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Best friend's dad died suddenly. Besides myself, what should I bring?
April 4, 2014 6:57 AM   Subscribe

My best friend called me last night to say that her father had died of a heart attack yesterday. She was clearly still in shock. She and her husband drove in overnight and as soon as she calls I'll leave work to go spend the day with her and her family. I don't want to show up empty-handed. Besides food for lunch, what should I bring with me?

My friend and I are both in our late twenties; this is the first time a close friend of mine has lost a parent. I know her family well and my husband and I are honorary family members. This was a huge shock.

I will be bringing a sub tray for lunch, so people can pick at it when they want. Best Friend is pregnant and won't be eating the subs; what should I bring for her to eat? (I would ask, of course, but I don't think she will want to have to decide anything, even that minor, right now.) My husband will be making pulled pork for tomorrow.

My go-to stuff when I'm sad is good chocolate and good wine, but I don't know if it would be appropriate to bring the same stuff I always bring for their famous Christmas party on a day like this.

Basically, I want to bring things that will help them take care of themselves when they're ready to, but I don't know what that looks like. Magazines, for when my friend needs to just not think about it for a little while? Bath salts? The aforementioned chocolate and wine? I've cleared my schedule and will be at her side as much as she needs all weekend (and in the coming months), but is there any unexpected thing that helped you through a time like this that I'm not thinking of?
posted by SeedStitch to Human Relations (27 answers total) 3 users marked this as a favorite
 
My dad died a few weeks ago. My suggestion is to give her a very long, quiet and firm hug.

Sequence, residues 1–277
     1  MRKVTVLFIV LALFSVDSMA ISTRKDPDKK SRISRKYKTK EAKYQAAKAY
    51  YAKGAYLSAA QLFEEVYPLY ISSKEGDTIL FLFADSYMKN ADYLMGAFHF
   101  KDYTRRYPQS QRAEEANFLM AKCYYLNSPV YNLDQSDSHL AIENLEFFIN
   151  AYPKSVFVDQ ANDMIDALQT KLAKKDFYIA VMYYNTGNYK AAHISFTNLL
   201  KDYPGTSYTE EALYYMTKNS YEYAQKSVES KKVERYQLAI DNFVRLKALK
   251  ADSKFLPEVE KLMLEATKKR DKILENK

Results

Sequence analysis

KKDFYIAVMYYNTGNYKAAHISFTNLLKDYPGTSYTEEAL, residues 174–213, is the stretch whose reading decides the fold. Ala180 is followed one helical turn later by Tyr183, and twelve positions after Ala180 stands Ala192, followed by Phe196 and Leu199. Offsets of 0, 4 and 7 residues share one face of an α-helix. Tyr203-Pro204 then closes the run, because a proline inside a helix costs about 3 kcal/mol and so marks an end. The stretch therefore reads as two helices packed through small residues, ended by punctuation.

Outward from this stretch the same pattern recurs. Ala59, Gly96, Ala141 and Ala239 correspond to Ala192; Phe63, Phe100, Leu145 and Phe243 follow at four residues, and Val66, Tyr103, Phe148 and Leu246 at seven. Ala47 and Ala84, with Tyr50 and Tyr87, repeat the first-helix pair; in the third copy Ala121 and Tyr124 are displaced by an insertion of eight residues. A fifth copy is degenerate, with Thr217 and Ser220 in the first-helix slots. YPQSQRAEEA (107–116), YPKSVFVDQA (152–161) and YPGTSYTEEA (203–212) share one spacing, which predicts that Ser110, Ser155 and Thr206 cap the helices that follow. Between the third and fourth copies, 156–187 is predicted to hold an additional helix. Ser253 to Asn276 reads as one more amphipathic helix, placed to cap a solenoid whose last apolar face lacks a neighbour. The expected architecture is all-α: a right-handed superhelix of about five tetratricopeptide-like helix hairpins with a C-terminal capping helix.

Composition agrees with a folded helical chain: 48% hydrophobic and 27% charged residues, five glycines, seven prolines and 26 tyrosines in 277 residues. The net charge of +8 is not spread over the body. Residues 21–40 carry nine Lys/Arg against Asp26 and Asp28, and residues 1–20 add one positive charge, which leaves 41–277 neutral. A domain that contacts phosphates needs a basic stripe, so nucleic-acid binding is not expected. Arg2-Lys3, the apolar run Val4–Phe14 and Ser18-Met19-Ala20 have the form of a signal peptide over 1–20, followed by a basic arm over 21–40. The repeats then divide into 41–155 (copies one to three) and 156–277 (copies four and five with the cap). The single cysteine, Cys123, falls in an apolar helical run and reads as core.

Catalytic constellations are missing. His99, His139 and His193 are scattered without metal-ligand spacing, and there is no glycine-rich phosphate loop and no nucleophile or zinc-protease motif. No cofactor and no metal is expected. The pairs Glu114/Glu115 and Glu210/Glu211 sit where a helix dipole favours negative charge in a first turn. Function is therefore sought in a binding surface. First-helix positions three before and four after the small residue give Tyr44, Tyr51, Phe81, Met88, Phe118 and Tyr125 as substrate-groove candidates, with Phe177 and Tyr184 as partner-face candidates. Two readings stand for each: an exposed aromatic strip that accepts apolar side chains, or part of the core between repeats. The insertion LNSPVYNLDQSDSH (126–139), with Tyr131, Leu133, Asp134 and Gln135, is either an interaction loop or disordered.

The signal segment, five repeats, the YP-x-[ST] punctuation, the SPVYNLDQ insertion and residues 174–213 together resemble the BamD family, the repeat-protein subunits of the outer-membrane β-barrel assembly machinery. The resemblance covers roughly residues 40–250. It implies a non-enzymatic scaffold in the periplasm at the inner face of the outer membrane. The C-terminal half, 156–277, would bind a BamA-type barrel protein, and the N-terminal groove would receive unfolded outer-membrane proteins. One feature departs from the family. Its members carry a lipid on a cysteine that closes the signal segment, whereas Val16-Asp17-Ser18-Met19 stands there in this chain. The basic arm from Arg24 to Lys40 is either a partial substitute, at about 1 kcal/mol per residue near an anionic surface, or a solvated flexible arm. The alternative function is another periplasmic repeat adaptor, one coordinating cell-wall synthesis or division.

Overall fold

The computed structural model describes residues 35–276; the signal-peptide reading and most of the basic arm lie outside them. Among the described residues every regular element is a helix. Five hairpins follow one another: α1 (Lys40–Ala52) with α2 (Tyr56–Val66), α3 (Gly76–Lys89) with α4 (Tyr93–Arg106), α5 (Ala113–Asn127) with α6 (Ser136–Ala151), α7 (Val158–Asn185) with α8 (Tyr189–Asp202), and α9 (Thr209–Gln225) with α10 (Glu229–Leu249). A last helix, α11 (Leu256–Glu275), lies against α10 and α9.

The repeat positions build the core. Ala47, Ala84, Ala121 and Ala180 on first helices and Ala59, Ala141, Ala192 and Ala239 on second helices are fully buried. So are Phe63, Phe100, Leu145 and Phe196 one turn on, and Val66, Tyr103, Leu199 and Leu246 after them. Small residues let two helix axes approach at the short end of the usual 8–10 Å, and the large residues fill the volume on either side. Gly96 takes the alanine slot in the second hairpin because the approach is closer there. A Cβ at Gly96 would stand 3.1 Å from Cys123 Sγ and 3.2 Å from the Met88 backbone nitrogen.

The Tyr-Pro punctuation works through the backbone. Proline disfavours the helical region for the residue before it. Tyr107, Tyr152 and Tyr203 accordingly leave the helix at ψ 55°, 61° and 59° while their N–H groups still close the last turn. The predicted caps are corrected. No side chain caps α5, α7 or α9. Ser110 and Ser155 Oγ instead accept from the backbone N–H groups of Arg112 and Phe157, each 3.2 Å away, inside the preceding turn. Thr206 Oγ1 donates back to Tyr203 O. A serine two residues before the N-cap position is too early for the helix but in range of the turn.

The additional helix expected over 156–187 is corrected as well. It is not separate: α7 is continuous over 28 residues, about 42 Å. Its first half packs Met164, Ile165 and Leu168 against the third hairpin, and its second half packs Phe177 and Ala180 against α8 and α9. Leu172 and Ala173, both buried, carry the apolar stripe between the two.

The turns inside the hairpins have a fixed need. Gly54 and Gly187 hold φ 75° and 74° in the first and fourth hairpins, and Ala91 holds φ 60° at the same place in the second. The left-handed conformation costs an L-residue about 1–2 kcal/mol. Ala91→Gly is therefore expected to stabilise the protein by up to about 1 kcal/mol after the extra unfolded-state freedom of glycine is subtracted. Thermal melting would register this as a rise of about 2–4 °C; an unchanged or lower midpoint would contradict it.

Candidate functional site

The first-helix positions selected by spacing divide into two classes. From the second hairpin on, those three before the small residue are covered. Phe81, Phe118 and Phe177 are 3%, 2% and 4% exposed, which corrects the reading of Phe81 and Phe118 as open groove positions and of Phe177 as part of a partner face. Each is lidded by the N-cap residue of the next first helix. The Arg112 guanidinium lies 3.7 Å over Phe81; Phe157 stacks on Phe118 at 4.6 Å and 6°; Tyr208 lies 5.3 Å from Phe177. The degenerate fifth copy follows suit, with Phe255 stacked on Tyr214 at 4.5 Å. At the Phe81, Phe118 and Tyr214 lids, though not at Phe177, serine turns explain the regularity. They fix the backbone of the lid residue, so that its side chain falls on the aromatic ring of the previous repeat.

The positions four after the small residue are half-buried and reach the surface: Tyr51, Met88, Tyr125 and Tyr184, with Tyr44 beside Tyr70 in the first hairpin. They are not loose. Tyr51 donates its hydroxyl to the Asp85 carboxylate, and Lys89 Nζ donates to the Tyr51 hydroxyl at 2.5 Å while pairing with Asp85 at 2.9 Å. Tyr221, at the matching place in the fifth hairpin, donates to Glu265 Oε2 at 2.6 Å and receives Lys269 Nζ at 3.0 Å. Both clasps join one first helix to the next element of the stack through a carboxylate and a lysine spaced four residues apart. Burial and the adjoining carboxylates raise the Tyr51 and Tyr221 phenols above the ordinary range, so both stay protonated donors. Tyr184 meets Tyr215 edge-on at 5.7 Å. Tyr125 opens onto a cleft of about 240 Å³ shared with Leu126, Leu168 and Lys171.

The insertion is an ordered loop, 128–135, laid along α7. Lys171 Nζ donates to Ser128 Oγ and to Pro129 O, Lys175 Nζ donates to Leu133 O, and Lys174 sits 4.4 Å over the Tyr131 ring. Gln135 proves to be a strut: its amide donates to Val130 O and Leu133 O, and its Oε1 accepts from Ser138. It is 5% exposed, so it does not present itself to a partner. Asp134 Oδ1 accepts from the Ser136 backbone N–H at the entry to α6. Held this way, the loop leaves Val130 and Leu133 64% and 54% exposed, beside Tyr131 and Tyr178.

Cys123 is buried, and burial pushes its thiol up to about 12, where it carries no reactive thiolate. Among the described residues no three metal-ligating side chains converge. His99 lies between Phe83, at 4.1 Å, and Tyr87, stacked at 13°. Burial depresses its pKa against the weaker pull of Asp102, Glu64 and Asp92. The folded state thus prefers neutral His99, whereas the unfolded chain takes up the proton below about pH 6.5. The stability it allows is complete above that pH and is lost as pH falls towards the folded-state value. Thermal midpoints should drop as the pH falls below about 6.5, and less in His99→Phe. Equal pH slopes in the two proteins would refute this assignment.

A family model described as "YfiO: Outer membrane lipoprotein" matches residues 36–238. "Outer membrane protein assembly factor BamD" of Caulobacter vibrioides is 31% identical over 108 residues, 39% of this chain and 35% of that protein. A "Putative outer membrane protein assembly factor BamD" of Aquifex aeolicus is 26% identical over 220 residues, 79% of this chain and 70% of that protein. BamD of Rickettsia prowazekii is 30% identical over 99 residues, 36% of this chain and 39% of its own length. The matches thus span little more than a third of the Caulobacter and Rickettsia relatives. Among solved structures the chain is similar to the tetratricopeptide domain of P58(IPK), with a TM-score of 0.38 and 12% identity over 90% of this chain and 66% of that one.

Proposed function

posted by taff at 7:01 AM on April 4 [14 favorites]


I'd bring a pasta salad as a side dish for the sub and as something substantial that your friend might eat.

Muffins are also something nice to have on hand, easy to pick at, good for any meal. Also an assortment of things to drink. Cans of pop, bottled water, starbucks in a can.

Beyond that, no need to bring anything else, just be on hand to run errands, to pick people up at the airport and in general do the little things that need done in such a time.

You're a good friend and it's hard, but you can be of help just hanging around and patting people on the back.

I'm so sorry for your loss.
posted by Ruthless Bunny at 7:01 AM on April 4 [2 favorites]


Oh! And toilet paper. With increased company it's an easy thing to overlook.
posted by Ruthless Bunny at 7:02 AM on April 4 [5 favorites]


Some people don't want to eat when they are dealing with something like that, so just keep that in mind. I honestly think the most important thing you can do is just BE THERE. Be kind, be supportive. In some cases stepping in and taking care of the mundane household things (like dishes, making meals, babysitting, etc) can be a huge help, but for others they need the distraction of that kind of thing to get them through. Some people need to just talk and barf out all their feelings to someone. Other people need a refuge person they can spend time with where they can sort of disengage from the sadness for a short spell and pretend life is normal for a while. I know for me the harder the situation the more I want/need to sleep, so the best thing you could do for me would be to make sure I had a quiet, comfortable place I could go to sleep undisturbed.

It really depends on the person.

Basically, all you can do is show up and see what she needs.
posted by PuppetMcSockerson at 7:03 AM on April 4 [2 favorites]


I think yourself is the best thing, but like Ruthless Bunny said, a lot of things are going to be forgotten, so if you can be the host, that would be great. Make sure that people have things to eat and drink, and that the trash is taken out, stuff like that.
posted by roomthreeseventeen at 7:04 AM on April 4 [1 favorite]


Bring them several nice notebooks and a box of pens. One can be a guestbook, another a log of calls and cards, a third to jot down reminders and notes.

Putting a stash of TP, paper towels, trash bags, and cups/plasticware/plates in your car so you can whip them out in an emergency isn't a bad idea.
posted by Lyn Never at 7:05 AM on April 4 [4 favorites]


I'm so sorry for your loss and that of your friend. I've been in a similar situation and it is tough. I'm also pregnant and would suggest baked goods. Deli salads (pasta, potato, tuna, etc) are on the maybe-avoid list (some people don't eat them but some do), but maybe grab some peanut butter and jelly and a loaf of bread, or a frozen lasagna you can pop in the oven when you arrive, and baked goods are good almost any time of day. Agree with previous posters about taking over some hosting responsibilities - beverages, toilet paper, hand soap, plastic cups/plates/silverware. Again, I'm so sorry.